A Small Place

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Macmillan, Apr 28, 2000 - Biography & Autobiography - 81 pages
157 Reviews
A brilliant look at colonialism and its effects in Antigua--by the author of Annie John

"If you go to Antigua as a tourist, this is what you will see. If you come by aeroplane, you will land at the V. C. Bird International Airport. Vere Cornwall (V. C.) Bird is the Prime Minister of Antigua. You may be the sort of tourist who would wonder why a Prime Minister would want an airport named after him--why not a school, why not a hospital, why not some great public monument. You are a tourist and you have not yet seen . . ."

So begins Jamaica Kincaid's expansive essay, which shows us what we have not yet seen of the ten-by-twelve-mile island in the British West Indies where she grew up.

Lyrical, sardonic, and forthright by turns, in a Swiftian mode, A Small Place cannot help but amplify our vision of one small place and all that it signifies.

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Review: A Small Place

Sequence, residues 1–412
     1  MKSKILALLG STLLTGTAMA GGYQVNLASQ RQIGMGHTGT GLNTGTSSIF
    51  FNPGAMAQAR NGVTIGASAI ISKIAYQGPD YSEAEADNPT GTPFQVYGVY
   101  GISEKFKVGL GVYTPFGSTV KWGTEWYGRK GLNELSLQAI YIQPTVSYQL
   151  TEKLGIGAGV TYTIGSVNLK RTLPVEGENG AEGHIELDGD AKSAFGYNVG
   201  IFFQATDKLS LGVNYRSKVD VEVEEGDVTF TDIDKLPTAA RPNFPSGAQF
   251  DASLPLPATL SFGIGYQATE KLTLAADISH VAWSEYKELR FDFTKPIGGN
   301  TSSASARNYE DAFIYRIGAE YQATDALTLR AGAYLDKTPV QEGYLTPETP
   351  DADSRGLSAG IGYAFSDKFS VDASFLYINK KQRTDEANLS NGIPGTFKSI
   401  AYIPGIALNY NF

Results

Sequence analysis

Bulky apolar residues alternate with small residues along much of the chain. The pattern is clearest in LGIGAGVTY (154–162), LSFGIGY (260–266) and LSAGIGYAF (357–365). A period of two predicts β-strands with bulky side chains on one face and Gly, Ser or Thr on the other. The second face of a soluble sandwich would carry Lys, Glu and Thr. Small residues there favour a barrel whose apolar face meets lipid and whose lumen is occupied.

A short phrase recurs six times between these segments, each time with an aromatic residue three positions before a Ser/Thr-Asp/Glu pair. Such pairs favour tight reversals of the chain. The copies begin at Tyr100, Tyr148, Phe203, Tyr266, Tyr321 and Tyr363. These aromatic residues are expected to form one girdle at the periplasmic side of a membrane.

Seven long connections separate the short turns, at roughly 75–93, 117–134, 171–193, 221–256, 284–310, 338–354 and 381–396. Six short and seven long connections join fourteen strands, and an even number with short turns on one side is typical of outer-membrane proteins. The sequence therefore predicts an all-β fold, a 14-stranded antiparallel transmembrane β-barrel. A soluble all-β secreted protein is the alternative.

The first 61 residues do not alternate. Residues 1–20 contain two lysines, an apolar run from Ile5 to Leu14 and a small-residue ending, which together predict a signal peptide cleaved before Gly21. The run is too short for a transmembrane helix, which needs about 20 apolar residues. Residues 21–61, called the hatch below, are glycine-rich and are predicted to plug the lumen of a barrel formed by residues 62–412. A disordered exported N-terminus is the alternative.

User Review  - Jareb - Goodreads

I don't think this book would resonate as well to others as id did with me since it it written in a second person narrative where the reader is a tourist. Having spent a good portion of my life ... Read full review

Review: A Small Place

User Review  - LA - Goodreads

A short, passionate manifesto decrying colonialism in Antigua. Kincaid's an equal-opportunity slammer, as she first rips into the British who ruled her island, and then the islanders themselves, who ... Read full review

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About the author (2000)

Jamaica Kincaid was born in St. Johns, Antigua. Her books include At the Bottom of the River, Annie John, Lucy, The Autobiography of My Mother, and My Brother (all published by FSG). She lives with her family in Vermont.

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